July 2011 Archives

Citing Online Sources

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citation_needed.jpgAs the Internet becomes more omnipresent, students use more and more academic resources online. Conducting research online can be daunting, whether you grew up hunting and pecking on a typewriter or had your own website by age nine. How do you tell which sources are reliable? And how do you incorporate them into a paper or essay? We're here to help! We previously blogged about how to use Wikipedia for research, and this post will cover how to cite Thinkwell and other online sources.

First, it's important to know that although certain information is always important, there's no universally correct way to cite any source. There are several different style manuals, each of which has its own way of organizing information in citations. Two of the most common styles are American Psychological Association (APA) and Modern Language Association (MLA). APA is usually used in social sciences, whereas MLA is usually used in the humanities, but you should use whichever one your instructor prefers. Here's a guide to APA and MLA citation styles for online sources:


The APA format for citing a website in your "works cited" page is as follows:

Author. (Publication date). Document title. Retrieved from URL

For example, to cite the lecture on chemical digestion from Thinkwell Biology, you might write the following in your "works cited" page (I put extra information in the "document title" section because Thinkwell is set up in such a way that I can't provide a more detailed URL):

Thinkwell. (2000). Biology: Animal systems and homeostasis; The digestive system;
The beginning of chemical digestion. Retrieved from http://www.thinkwell.com

Within the body of a paper, the APA format for parenthetical citation is:

(Author, year, page number if applicable)

The parenthetical citation in your paper would look something like this:

Chemical digestion is an important part of the digestive system (Thinkwell, 2000).


The MLA format for citing a website in your "works cited" page is as follows:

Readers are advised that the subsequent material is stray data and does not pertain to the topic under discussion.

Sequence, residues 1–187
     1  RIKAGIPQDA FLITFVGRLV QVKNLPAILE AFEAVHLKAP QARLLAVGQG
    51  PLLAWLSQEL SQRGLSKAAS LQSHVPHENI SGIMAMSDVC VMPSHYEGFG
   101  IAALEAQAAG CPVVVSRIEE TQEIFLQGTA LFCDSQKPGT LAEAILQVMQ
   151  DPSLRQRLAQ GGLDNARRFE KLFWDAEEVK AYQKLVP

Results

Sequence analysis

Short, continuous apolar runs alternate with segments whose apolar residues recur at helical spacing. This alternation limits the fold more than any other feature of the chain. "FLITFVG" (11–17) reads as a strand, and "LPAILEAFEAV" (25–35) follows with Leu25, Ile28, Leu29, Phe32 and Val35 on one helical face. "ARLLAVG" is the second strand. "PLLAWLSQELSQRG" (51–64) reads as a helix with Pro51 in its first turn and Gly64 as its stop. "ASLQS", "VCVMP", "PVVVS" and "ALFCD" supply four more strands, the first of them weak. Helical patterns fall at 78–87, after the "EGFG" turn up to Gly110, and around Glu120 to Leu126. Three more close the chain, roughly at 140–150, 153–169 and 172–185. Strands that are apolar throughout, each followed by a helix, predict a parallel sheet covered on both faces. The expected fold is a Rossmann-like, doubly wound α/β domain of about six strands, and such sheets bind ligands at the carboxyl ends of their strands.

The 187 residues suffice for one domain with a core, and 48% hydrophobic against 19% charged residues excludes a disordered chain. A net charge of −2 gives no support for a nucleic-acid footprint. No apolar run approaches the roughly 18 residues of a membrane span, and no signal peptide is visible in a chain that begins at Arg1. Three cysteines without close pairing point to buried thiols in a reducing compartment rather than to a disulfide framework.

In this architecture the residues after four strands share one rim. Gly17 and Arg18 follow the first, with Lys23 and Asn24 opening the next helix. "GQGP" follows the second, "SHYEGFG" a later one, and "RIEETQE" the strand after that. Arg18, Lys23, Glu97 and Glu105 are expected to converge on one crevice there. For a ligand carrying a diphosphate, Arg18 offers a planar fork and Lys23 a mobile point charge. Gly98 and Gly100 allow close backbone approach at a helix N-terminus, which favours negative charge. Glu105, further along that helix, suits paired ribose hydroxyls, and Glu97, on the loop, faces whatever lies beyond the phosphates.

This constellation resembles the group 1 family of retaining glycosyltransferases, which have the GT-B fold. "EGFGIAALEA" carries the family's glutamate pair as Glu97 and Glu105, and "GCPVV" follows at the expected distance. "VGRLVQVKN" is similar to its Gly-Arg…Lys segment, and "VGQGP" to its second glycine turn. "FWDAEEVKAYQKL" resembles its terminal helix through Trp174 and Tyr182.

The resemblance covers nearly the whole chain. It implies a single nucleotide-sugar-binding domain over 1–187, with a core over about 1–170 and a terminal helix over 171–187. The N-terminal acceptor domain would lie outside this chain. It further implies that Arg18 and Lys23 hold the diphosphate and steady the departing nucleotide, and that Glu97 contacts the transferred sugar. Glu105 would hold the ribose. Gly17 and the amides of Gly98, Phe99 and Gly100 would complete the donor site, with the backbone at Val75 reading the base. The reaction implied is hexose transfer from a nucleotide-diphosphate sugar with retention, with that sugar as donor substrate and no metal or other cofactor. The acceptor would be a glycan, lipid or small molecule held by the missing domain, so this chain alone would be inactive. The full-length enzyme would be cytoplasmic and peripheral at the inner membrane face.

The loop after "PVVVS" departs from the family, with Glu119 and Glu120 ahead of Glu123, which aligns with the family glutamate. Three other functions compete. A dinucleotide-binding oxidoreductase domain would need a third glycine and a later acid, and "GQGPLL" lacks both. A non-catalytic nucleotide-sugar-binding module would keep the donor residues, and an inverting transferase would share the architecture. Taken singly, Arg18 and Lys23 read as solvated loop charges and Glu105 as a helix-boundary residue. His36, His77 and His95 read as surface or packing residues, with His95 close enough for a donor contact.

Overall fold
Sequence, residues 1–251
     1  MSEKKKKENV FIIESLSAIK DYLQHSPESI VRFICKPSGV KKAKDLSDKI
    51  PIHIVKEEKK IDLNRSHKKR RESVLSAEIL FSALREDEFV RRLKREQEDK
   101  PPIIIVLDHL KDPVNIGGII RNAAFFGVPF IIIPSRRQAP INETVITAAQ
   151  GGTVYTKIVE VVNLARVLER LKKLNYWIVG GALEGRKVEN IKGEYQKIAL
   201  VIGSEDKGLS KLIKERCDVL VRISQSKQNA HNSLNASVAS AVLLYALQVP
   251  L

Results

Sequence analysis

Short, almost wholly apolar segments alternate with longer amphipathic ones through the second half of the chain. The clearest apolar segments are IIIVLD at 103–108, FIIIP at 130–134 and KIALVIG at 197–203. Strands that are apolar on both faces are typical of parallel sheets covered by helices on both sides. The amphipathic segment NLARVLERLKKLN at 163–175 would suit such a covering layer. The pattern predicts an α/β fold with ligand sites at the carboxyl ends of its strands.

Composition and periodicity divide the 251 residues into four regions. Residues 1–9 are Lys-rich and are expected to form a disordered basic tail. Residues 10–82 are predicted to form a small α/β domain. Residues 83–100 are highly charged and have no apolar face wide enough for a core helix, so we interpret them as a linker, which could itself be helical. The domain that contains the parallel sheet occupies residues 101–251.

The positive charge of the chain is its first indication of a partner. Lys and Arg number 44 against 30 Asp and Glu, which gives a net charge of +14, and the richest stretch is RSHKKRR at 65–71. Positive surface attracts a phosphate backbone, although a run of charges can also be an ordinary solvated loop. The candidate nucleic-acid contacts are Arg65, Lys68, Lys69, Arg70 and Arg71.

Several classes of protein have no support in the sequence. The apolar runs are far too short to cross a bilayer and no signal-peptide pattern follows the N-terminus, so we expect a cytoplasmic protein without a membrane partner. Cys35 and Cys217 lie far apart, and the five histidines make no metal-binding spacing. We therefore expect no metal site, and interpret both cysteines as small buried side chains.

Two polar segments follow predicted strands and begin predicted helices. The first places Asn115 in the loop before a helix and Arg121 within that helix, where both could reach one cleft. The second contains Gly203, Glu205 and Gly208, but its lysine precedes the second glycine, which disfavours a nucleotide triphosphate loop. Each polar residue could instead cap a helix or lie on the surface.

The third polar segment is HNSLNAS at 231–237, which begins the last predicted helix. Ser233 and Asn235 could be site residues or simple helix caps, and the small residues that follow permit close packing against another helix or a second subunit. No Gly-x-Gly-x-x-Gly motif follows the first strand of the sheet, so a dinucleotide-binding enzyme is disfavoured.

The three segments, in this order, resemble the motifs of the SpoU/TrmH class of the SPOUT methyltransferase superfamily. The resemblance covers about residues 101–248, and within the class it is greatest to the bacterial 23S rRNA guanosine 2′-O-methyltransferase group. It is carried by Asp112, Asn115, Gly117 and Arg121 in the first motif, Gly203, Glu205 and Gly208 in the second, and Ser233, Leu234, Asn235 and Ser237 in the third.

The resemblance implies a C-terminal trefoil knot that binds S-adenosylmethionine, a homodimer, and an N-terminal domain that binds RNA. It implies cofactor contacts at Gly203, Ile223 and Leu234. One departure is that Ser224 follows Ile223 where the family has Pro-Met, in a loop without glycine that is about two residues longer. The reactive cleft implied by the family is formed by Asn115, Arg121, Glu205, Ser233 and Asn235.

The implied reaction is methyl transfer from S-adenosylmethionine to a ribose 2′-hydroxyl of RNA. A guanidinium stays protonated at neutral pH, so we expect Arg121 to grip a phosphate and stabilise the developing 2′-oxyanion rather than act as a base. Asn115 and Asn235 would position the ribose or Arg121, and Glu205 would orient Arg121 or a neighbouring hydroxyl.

Author. "Document Title." Website Title. Name of organization running the website, date of publication. Web. Date of access.

For example, to cite the lecture on weak acids from Thinkwell Chemistry, you might write the following:

Thinkwell. "Weak Acids." Thinkwell Chemistry. Thinkwell, 2000. Web. 15 Jul 2011.

Within the body of a paper, the MLA format for parenthetical citation is:


The parenthetical citation in your paper would look something like this:

Strong acids are more dissociated than weak acids (Thinkwell).

Still confused? Check out the Purdue Online Writing Lab, BibMe, or Citation Machine for more help with bibliographies and citations. Citing Thinkwell in a research paper will be a breeze!

Photo via Wikimedia Commons.

Thumbnail image for lorenz1.JPGWhen you think of non-linear mathematics, your mind may not jump immediately to crocheting, but Thinkwell's summer intern Gregory Becker found a really cool way to combine the two. For his high-school senior thesis, he crocheted a Lorenz manifold. What exactly is a Lorenz manifold? I'll let him explain in his own words:

"The Lorenz system is a chaotic system of dimension 2.06 (+ or - 0.01, empirically discovered). The most famous image of the Lorenz system is the Lorenz attractor. You can picture the two 'wings' of the Lorenz attractor as the collection of possible paths that a leaf floating downstream could take around an obstacle.

The less famous image of the system is the Lorenz manifold. Impossible to represent accurately in a stable two-dimensional medium, the Lorenz manifold sits between the wings and represents the collection of paths by which the leaf collides with the obstacle.

Because of the challenge in representing the Lorenz manifold, a small niche of the mathematical community has taken to crocheting it. Crocheting works well for representing the manifold for two reasons: It can warp, and it can represent a lattice."
Here's a close-up of Gregory's Lorenz manifold, which has 25,511 stitches (!) and took just over 150 hours (!!) to crochet and mount.

Gregory is interning at Thinkwell as an advanced mathematics adviser for our Trigonometry and Calculus titles. He graduated from the Austin Waldorf School and will be attending Williams College in the fall as a mathematics major. We can't wait to see what his senior thesis at Williams will look like!

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It's the 4th of July weekend, and Thinkwell is celebrating America's independence by giving you a free video about the history leading up to the Revolutionary War. In this video, Professor Gerald Rosenberg discusses Britain's increasingly fraught relationship with the American colonies, from the Mayflower Compact to the Boston Tea Party. Watch the video for the full story!

And if you're looking for other learning opportunities this 4th of July, look no further. Here's a roundup of helpful links:

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This page is an archive of entries from July 2011 listed from newest to oldest.

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